The Honble Gujarat High Court held that such mandatory deeming fiction would be bad in law. There might be cases where the value of land may be more than one-third of the total value of supply and vice-versa as well. Such a situation results in arbitrariness causing violation of Article 14. It goes beyond the purpose of the provision that was meant to be served. Further, the Notification, being a delegated legislation, surpasses the supreme legislation, by levying GST on supply which has been exempted by law itself.

Lastly, the Court held that as regards the cases where the value of both supplies is not distinguishable, the Revenue must resort to the valuation rules (discussed above in Section 15) rather than arbitrarily fixing a particular ratio.

Safari Retreats (P) Ltd. v. Chief Commissioner of Goods & Service Tax (2019)

In this case, the Petitioners were engaged in the construction of shopping malls. In the process, they acquired large supplies of various raw materials and input supplies involving enormous amount. However, by virtue of Section 17(5)(d) of the CGST Act, the Revenue denied input tax credit on these supplies as Section 17(5)(d) provides that no credit shall be given for construction of immovable property. The contention of the Petitioner was that in case of denial of credit, the entire project would be futile and they would run into losses, thereby violating their right to carry on their business under Article 19(1)(g).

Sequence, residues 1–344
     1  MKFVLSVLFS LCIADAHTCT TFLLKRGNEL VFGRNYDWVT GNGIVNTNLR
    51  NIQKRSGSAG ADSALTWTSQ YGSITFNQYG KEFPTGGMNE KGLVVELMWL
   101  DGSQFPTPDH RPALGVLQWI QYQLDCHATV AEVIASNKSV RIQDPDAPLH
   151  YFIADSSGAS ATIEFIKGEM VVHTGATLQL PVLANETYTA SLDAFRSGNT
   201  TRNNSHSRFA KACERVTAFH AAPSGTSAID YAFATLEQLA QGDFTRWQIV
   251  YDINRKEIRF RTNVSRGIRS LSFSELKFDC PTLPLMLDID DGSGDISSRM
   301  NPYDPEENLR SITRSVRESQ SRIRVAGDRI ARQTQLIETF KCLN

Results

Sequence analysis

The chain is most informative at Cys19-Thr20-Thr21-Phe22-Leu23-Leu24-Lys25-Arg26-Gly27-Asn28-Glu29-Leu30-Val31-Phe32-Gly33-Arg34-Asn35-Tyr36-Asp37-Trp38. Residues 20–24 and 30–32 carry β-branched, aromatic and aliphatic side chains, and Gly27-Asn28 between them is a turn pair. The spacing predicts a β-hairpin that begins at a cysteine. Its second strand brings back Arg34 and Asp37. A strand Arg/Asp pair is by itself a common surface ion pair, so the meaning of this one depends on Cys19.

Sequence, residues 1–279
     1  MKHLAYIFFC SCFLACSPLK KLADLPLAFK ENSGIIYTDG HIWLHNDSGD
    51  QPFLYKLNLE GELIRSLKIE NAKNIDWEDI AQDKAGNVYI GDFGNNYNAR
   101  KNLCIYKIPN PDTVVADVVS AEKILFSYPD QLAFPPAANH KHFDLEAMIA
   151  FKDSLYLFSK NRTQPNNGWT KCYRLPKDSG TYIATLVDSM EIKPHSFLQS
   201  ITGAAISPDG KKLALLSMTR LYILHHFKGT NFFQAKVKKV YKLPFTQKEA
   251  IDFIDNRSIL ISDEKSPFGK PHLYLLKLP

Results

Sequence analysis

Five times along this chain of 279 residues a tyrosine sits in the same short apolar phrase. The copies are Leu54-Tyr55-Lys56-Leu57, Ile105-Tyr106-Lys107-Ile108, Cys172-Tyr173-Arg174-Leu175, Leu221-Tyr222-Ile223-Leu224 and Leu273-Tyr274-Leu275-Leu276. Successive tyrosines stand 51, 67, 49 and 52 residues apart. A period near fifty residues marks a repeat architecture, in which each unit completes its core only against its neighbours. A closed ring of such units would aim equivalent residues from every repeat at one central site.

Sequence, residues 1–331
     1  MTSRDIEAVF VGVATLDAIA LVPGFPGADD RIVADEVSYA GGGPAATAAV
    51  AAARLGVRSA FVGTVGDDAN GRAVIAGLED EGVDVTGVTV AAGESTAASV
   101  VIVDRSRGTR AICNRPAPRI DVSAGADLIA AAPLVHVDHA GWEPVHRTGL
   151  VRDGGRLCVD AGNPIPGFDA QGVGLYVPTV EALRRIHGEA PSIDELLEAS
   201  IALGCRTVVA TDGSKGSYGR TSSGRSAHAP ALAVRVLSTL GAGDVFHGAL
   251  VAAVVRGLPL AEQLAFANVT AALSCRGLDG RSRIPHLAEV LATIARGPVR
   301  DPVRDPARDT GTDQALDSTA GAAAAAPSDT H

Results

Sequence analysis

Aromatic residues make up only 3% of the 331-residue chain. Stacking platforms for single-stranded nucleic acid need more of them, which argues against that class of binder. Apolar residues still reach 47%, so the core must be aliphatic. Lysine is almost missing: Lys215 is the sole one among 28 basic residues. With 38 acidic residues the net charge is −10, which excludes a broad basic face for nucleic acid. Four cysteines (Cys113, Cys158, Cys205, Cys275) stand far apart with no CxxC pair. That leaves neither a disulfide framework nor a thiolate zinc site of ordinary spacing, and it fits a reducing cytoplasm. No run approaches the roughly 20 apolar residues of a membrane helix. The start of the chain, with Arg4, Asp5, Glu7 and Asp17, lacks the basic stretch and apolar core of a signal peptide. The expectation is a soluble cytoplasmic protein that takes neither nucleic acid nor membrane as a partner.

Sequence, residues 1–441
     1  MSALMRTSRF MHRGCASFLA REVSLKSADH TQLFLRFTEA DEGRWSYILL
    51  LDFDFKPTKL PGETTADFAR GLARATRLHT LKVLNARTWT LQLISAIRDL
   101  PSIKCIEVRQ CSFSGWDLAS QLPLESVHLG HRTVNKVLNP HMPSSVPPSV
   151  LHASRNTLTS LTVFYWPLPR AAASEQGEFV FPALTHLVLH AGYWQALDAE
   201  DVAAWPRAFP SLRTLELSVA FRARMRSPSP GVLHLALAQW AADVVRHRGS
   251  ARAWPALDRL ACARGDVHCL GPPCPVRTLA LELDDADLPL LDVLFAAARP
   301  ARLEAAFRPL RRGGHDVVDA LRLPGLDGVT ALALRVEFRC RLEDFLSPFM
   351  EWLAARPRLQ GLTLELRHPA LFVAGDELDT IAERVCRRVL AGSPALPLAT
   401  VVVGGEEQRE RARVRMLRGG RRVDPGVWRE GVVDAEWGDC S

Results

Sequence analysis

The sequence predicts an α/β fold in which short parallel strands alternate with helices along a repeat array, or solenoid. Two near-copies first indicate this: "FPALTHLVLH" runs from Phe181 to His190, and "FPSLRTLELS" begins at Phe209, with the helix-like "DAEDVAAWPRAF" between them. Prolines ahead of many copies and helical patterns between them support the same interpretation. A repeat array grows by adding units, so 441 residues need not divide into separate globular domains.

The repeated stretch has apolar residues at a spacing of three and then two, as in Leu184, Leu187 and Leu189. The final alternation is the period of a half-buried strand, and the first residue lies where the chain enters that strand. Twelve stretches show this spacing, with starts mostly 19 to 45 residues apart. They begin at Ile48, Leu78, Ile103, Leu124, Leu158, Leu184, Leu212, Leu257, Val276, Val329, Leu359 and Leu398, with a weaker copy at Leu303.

Reading down the provision, the Honble Odisha High Court held that credit should be disentitled only if there would not be any further tax incidence to serve the purpose of Section 17(5). The provision intends to cover only those cases where the immovable property is sold after grant of completion certificate. However, in the present case, the property would be retained by the Petitioner for letting out the shops on rent and hence, the Petitioner must be entitled to the credit. It is pertinent to note here that the Department has appealed against the decision and the case (SLP No. 26696/2019) is currently pending before the Hon’ble Supreme Court for final adjudication.

The system of taxation of goods and services under GST regime has proven to be a successful step in eradicating the challenges of indirect taxation in India. One of these major challenges was the cascading effect of taxes which was solved by the introduction of the input tax credit. The role of the judiciary has also been commendable in giving effect and deriving proper interpretation to the provisions of the Act. The law gave birth to a beautiful structure namely the GST Council, where both the Centre and states collectively discuss issues pertaining to GST. Lastly, it is hopeful that soon, the GST Appellate Tribunal will also be effective so that the burden of higher courts is reduced and taxpayers are able to adopt a definite tax position.

Is registration mandatory under the CGST Act?

Yes, registration is mandatory if any person crosses the prescribed limits as discussed above. However, one may choose for composition levy which is a simple form of registration and is preferable for small-scale businesses.

What is the difference between output GST and input GST?

Output GST is the tax that the taxpayer is required to pay to the government based on his sales. On the other hand, input GST refers to the tax owing to the purchases made by a taxable person which are used in the course or furtherance of the business.

Is CGST levied on all kinds of transactions?

No, CGST is only applicable on intra-state supplies i.e. where the recipient of supply is in the same state. It is levied along with the specific SGST.

Can advance rulings be cited before authorities?

Though there is no prohibition on citing advance rulings of other persons. However, it must be remembered that they are binding only on the taxpayer and officer. Hence, they only have a persuasive value and not binding value before courts and other judicial authorities.